It happened. The Dow Jones Industrial Average, after riding high, had its first down January in four years. As the news spread, investors began to worry. And by investors, I mean you, me and anyone else with a 401K or retirement plan.
It wasn't so long ago that hard-working folks watched their retirement savings take a big hit. So any drop, especially one that is so big and happens so quickly, is going to bring back bad memories.
"People are permanently scarred. We still have pain from the head-on collision that happened in 2007 and 2008," said Wes Moss, a financial adviser who writes about these very topics for the Bargain Hunter blog. But while every correction may bring a new set of fears, it is important to remember that it is just that -- a correction.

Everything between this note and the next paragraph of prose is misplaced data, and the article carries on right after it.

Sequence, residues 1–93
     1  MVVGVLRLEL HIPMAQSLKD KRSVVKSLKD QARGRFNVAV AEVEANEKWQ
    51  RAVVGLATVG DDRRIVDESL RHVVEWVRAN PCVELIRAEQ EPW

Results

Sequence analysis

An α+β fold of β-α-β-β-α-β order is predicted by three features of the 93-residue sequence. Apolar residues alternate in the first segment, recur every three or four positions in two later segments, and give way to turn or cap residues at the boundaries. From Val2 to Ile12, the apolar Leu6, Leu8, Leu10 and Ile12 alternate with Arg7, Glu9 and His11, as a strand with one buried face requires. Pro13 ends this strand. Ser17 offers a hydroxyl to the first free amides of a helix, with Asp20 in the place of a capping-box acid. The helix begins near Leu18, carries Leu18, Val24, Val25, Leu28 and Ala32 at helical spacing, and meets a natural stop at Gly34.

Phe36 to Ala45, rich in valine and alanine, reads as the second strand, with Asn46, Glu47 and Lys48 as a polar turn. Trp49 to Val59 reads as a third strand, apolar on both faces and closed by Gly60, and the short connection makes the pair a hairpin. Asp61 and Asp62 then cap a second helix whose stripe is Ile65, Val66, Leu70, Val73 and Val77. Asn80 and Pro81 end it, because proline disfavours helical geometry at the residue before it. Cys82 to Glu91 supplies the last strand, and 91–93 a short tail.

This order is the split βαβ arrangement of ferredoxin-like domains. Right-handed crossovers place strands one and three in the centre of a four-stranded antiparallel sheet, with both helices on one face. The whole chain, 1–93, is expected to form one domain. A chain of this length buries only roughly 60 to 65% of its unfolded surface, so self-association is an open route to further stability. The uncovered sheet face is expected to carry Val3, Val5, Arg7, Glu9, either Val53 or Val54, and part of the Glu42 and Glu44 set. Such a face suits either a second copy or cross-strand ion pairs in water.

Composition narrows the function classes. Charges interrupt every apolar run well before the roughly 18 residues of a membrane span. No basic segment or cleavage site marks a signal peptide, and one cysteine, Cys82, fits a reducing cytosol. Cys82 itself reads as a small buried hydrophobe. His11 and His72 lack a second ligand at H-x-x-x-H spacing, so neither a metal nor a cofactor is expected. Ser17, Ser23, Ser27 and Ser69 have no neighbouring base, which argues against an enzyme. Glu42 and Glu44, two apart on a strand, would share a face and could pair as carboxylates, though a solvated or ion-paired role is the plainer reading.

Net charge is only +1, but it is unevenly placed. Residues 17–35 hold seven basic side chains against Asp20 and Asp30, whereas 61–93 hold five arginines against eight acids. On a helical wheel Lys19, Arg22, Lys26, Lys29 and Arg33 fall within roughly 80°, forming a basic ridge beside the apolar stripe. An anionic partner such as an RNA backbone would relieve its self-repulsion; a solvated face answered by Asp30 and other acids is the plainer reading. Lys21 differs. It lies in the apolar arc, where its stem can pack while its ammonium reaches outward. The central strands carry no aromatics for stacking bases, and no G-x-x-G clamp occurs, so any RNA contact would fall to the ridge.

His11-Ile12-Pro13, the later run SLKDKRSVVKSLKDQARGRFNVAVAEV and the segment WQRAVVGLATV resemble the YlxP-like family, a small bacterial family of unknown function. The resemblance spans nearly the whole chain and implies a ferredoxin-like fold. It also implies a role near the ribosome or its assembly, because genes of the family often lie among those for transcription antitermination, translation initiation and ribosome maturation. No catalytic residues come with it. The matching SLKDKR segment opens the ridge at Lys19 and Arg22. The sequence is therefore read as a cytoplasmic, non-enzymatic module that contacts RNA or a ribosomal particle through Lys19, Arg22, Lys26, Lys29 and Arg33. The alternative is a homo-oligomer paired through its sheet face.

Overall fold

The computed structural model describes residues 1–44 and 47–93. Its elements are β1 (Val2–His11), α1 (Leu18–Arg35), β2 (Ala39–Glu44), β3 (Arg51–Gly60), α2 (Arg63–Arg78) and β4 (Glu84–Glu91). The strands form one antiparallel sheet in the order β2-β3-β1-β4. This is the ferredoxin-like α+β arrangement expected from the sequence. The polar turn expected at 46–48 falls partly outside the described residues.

"We are all so much better off experiencing a pullback or a correction," Moss says. "A 5, 10 or 15 percent pullback is a great opportunity for investors." Why? Because no one wants to buy stocks when prices are sky high. That's why.
If you're between the ages of 20 to 60, these corrections -- which, in this case, was attributed to emerging markets -- should have minimal impact on your retirement funds, he said.